1. Stay hydrated. Unfortunately, many men don’t make staying hydrated a priority. As we get older is, we lose our sense of thirst and if you wait until you feel thirsty, it’s already too late and you are dehydrated.
Once you get used to getting enough fluids, you’ll want to continue because, everything works better when you’re hydrated. Your metabolism, brain, joints and even your eyes work better.
2. Get enough shut-eye. Everything works better when you’ve had a good sleep. It’s important to stick to a schedule and go to bed and wake up at the same time every day. Not getting enough sleep can be harmful and you may find yourself tired all the time. If you are finding you are often tired, you might have a stress or apnea condition that is making it difficult to get the sleep you need, be sure to talk to your doctor and get to the bottom of the issue.
3. Manage your stress. It’s no secret that stress can be a health hazard. It’s a factor in issues including heart disease, high blood pressure and other ailments. It also can make it difficult for you to enjoy the best things in life from relaxing, enjoying your family, engaging in meaningful conversation with friends or even getting absorbed in a good book and, of course, getting a good night’s sleep. It’s so important to find ways to combat stress. Taking time to breathe, starting an exercise routine, cutting down on caffeine and talking to your doctor are just a few examples of reducing stress.
4. Exercise. The standard, we’re told, is that all adults should exercise for at least 15 minutes, three times a week; however, only approximately 10 to 15 percent of older adults do that. If you’re trying to get more exercise a good place to start is ridding your mind of the recommended distance or time requirements. Simply go for a walk and when you feel you’ve hit 30 percent of what you can do —stop. Then go home, record the amount of time you exercised on your calendar and try to do 30-to-60-seconds more after giving yourself a day in between to rest. Exercise helps in so many ways: makes your body stronger, helps you sleep better, relieves stress, give you more energy, plus it can be really fun.
5. Be more flexible. Many people, even those who exercise regularly, don’t stretch enough. It’s important to remember flexibility is vital for your posture and for building strong muscles and stretching makes you more flexible. Be sure to stretch for a few minutes every single day.
6. Build muscles. Your joints are only as strong as the muscles surrounding them. So muscle-building, especially for older men, is as important for healthy shoulders, knees and other joints as it is for body strength. Talk to your doctor about what exercises will work best for you.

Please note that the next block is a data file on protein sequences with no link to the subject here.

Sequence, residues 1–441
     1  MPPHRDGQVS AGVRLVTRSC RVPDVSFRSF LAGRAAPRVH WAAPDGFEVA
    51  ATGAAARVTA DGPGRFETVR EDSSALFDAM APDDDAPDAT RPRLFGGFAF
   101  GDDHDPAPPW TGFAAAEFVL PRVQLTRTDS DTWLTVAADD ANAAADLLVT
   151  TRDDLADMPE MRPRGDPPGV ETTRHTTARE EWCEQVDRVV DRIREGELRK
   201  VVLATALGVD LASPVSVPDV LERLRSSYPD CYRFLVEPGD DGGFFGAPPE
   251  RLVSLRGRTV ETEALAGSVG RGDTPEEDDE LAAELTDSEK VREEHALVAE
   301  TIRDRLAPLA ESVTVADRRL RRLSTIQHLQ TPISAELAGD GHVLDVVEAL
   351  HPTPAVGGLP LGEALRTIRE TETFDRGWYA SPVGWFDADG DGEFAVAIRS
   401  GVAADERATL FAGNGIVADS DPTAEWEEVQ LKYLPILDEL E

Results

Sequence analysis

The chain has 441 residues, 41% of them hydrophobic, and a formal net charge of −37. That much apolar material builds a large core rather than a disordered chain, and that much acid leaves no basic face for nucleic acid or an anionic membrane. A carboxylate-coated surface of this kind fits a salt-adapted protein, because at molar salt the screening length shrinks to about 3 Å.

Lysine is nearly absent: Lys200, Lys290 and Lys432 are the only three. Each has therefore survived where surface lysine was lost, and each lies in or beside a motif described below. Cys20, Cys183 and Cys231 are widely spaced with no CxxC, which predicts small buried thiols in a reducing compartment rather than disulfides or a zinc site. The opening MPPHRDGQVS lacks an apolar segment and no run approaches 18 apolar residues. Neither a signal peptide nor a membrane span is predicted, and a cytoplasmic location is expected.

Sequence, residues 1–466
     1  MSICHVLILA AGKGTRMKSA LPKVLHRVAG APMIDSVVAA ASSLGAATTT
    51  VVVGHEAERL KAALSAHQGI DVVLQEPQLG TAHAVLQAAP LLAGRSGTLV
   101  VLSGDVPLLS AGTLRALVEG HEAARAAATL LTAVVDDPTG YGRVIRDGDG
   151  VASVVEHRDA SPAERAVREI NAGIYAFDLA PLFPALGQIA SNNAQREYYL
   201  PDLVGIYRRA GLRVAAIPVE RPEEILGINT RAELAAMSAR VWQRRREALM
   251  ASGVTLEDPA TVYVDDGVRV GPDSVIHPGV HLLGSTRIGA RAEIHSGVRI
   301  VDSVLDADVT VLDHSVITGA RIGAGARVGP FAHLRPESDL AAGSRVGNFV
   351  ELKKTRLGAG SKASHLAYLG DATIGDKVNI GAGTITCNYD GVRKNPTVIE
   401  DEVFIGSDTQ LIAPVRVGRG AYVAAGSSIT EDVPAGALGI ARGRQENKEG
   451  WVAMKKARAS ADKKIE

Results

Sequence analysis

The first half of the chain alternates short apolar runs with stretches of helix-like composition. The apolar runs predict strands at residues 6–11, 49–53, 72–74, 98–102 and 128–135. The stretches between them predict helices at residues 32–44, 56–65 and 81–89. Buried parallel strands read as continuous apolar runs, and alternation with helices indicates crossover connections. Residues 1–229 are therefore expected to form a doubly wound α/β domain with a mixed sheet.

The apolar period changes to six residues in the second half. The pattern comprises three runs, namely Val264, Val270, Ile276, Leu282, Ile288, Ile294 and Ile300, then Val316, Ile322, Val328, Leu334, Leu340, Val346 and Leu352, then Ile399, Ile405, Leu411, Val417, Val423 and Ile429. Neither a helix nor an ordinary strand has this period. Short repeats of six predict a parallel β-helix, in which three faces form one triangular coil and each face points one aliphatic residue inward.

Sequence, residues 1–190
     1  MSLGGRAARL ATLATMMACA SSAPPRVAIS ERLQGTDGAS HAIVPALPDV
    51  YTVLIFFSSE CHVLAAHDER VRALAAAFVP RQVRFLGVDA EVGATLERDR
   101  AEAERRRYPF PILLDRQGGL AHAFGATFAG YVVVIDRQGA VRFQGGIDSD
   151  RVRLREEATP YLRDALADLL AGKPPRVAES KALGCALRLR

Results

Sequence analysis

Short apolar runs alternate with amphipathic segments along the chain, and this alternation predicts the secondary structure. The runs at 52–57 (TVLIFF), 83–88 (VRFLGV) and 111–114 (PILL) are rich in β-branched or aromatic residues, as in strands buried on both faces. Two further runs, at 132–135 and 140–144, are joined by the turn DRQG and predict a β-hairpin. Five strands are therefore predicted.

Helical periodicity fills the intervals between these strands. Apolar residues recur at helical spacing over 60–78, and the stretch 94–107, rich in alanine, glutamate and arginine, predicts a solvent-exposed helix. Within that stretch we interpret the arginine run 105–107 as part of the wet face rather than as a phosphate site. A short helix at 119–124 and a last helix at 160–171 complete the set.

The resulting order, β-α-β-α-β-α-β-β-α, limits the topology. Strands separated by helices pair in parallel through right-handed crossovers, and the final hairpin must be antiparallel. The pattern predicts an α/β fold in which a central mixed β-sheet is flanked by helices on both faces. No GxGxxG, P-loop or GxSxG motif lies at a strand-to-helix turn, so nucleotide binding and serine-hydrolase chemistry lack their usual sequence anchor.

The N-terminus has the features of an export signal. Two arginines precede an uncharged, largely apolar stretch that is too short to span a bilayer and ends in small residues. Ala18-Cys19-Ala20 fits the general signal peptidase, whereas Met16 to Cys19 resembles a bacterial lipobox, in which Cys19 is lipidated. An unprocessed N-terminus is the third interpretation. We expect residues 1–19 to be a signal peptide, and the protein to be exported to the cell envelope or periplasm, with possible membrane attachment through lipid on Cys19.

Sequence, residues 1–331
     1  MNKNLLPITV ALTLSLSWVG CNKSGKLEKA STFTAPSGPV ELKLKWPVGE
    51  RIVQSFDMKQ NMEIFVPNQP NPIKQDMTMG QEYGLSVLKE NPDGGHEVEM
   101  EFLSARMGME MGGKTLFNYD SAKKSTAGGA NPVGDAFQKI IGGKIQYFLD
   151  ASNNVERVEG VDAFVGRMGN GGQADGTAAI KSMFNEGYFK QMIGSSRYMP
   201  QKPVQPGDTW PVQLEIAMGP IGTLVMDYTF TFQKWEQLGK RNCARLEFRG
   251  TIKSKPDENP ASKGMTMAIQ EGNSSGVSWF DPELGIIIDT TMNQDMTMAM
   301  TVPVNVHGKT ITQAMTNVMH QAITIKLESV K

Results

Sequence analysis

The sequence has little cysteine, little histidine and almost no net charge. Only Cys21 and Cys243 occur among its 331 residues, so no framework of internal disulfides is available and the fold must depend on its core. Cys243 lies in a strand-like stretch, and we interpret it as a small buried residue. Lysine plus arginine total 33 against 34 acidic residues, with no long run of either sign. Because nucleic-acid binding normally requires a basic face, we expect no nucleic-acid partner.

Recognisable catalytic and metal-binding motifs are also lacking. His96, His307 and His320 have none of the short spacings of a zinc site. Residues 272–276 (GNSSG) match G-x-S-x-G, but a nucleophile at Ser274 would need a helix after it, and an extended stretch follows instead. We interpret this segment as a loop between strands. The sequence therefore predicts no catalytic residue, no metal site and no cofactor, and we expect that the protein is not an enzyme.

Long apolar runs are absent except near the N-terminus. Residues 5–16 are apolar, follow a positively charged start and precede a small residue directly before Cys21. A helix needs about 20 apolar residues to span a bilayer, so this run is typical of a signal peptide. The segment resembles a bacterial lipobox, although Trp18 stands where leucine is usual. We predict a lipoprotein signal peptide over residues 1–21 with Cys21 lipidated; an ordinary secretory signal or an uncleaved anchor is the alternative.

7. Balanced Diet. Maintaining a well balanced diet will help keep you healthy and feeling your best. Experts cautions against the popular low-carb diets for older men because too many proteins can be difficult to digest and are higher in calories than most complex carbohydrates. Simply keeping a well balanced diet consisting of Fruits, vegetables, whole grains, and fat-free or low-fat dairy products. Lean meats, poultry, fish, beans, eggs, and nuts are good sources of protein, too.
8. Quit Smoking. It is never too late to quit smoking! As soon as a smoker quits, the body begins to heal the damage caused by smoking. Smokers who quit will quickly notice they can breathe easier, have more energy, lose the “smoker’s cough” and have a better sense of taste and smell. For long-term health, quitting smoking lowers the risk of hearth attack, stroke, and high blood pressure. Quitting smoking can help men over age 60 feel better and help them to be more active with family and friends.
Men’s health tips
Here are some healthy tips (mostly from the National Institutes of Health and National Cancer Association) to help you get started bettering your health:
- Have a physical exam annually
- Have your blood pressure checked annually unless you have certain conditions such as diabetes
- Have your cholesterol checked every 5 years unless you have elevated results or certain conditions including diabetes or heart disease
- If you have smoked and are between 65 – 75, have an ultrasound to screen for abdominal aortic aneurysms.
- Have a diabetes test every 3 years depending on your risk factors
- Get screened for colorectal cancer beginning at age 50.
- Have an eye exam every 1-2 years if you have vision problems
- Have a dental checkup at least annually
- Get a flu shot annually
- If you're a smoker talk to your doctor. There are many options to help you quit.
- Discuss a prostate cancer screening with your doctor. It is not recommended after age 75
- A hearing test is only needed if you have hearing loss or problems
Always discuss your health concerns and test results with your doctor. No matter how you are feeling now, it’s important to get regular checkups, assessments and screenings to help reduce your chances of developing diseases particularly as you age.